A high school swimmer in Alaska won her 100-meter freestyle heat last week, only to be disqualified as soon as she got out of the water. Her one-piece swimsuit broke the modesty rule, the referee announced.
The young girl, a 17-year-old state championship swimmer at Dimond High School in Anchorage, Alaska was wearing the school-issued swimsuit that every other girl on the team was wearing and yet she was the only one disqualified. A referee who was present at the swim meet told the Anchorage Daily News that the official who made the controversial call disqualified the girl because she could see “butt cheek touching butt cheek.”
The referee who made the controversial call has not been publicly named and HuffPost will not identify the high school swimmer who was disqualified, as she is a minor.
The disqualification quickly stirred controversy in the Anchorage community, with some pointing to the fact that the swimmer is nonwhite and “curvier” than most others on the team. Lauren Langford, a swim coach at a neighbouring high school, was the first to make this point in a Saturday essay on Medium.
“All of these girls are all wearing suits that are cut the same way,” Langford told The Washington Post on Tuesday. “And the only girl who gets disqualified is a mixed-race girl with rounder, curvier features.”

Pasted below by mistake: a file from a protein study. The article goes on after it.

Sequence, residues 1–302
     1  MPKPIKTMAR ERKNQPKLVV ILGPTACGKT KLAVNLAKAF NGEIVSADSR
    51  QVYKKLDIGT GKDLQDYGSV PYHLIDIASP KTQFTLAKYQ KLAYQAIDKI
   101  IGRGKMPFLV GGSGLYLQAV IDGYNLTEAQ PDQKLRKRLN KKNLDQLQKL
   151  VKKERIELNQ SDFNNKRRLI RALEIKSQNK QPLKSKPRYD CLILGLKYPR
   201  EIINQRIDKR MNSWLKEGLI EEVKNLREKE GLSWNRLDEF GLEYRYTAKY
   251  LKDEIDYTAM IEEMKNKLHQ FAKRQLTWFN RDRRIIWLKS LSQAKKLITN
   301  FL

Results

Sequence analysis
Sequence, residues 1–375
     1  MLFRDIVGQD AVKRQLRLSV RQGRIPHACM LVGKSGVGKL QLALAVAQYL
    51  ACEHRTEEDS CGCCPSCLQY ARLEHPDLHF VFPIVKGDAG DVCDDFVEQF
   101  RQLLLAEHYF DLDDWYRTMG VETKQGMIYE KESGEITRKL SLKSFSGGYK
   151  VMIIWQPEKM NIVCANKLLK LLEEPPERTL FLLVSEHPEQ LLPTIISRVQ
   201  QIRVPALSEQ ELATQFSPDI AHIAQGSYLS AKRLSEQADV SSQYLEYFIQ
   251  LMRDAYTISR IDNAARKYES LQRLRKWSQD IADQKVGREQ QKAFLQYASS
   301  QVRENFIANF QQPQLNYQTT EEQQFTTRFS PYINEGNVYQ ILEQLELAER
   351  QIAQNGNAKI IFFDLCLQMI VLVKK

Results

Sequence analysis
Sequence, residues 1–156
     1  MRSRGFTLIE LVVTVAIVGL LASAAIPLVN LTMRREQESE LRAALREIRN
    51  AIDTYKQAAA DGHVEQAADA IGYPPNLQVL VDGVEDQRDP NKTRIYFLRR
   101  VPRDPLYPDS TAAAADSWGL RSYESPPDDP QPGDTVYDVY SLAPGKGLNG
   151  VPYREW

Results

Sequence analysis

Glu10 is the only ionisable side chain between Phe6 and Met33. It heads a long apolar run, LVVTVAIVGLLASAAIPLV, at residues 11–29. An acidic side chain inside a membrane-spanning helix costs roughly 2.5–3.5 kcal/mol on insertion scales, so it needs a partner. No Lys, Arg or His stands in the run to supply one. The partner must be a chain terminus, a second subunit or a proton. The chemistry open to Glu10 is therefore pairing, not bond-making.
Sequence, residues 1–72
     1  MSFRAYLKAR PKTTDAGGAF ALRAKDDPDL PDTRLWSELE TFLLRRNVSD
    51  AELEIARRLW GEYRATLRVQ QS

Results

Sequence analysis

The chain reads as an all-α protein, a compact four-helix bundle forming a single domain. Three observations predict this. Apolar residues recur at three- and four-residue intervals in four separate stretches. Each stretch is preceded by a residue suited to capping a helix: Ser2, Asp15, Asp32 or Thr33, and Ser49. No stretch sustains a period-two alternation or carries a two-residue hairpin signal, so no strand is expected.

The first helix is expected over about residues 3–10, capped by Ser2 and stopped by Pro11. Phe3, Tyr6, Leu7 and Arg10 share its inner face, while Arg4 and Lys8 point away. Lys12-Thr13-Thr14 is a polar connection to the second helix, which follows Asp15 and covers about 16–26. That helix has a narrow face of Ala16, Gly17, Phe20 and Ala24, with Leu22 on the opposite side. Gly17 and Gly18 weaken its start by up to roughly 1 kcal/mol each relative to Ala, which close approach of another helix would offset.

Langford explained in her essay that the national standards for high school swimming and diving attire ― also referred to by some as the “modesty rule” ― require male and female athletes to cover their genitals, buttocks and breasts. But, as Langford pointed out, almost all swimmers’ suits move while they are competing ― known as a “suit wedgie.”
“Wedgies happen. It’s uncomfortable. No one’s going to walk around that way intentionally,” she told the Post.
The Anchorage School District announced on Monday that it has opened an investigation into the referee’s controversial disqualification call.
“ASD is reviewing the disqualification of a student athlete during the September 6 Dimond High School home swim meet,” the statement says. “We intend to gather all the facts surrounding the disqualification so we can accurately address the matter with officials and take appropriate action to ensure fair, equitable competition and consistent application of the rules for this athlete and her peers.”
The school district confirmed to local outlet KTUU on Monday that the suit the swimmer was wearing is in compliance with the district’s modesty rules. The girl has reportedly worn the same suit three other times this season and was not disqualified at any point.
The teen at the centre of the controversy has two other sisters who are on the swim team. All three have reportedly experienced similar body-shaming in Anchorage’s swimming community. Langford wrote that parents of other swimmers on the team have been heard saying that “for the sake of their sons” the mother of the three swimmers should “cover up her daughters.”
Langford said that last year a parent on the team took a picture of the teen’s butt while she was wearing a swimsuit and emailed the photo to other parents to show that she was wearing inappropriate swimwear.
The mother of the teen told KTUU that she wants both of her daughters to be valued for their athleticism and determination in the pool ― not criticised for the shape and size of their bodies. She said she wants to see Friday’s disqualification overturned and that specific official kept away from her daughters.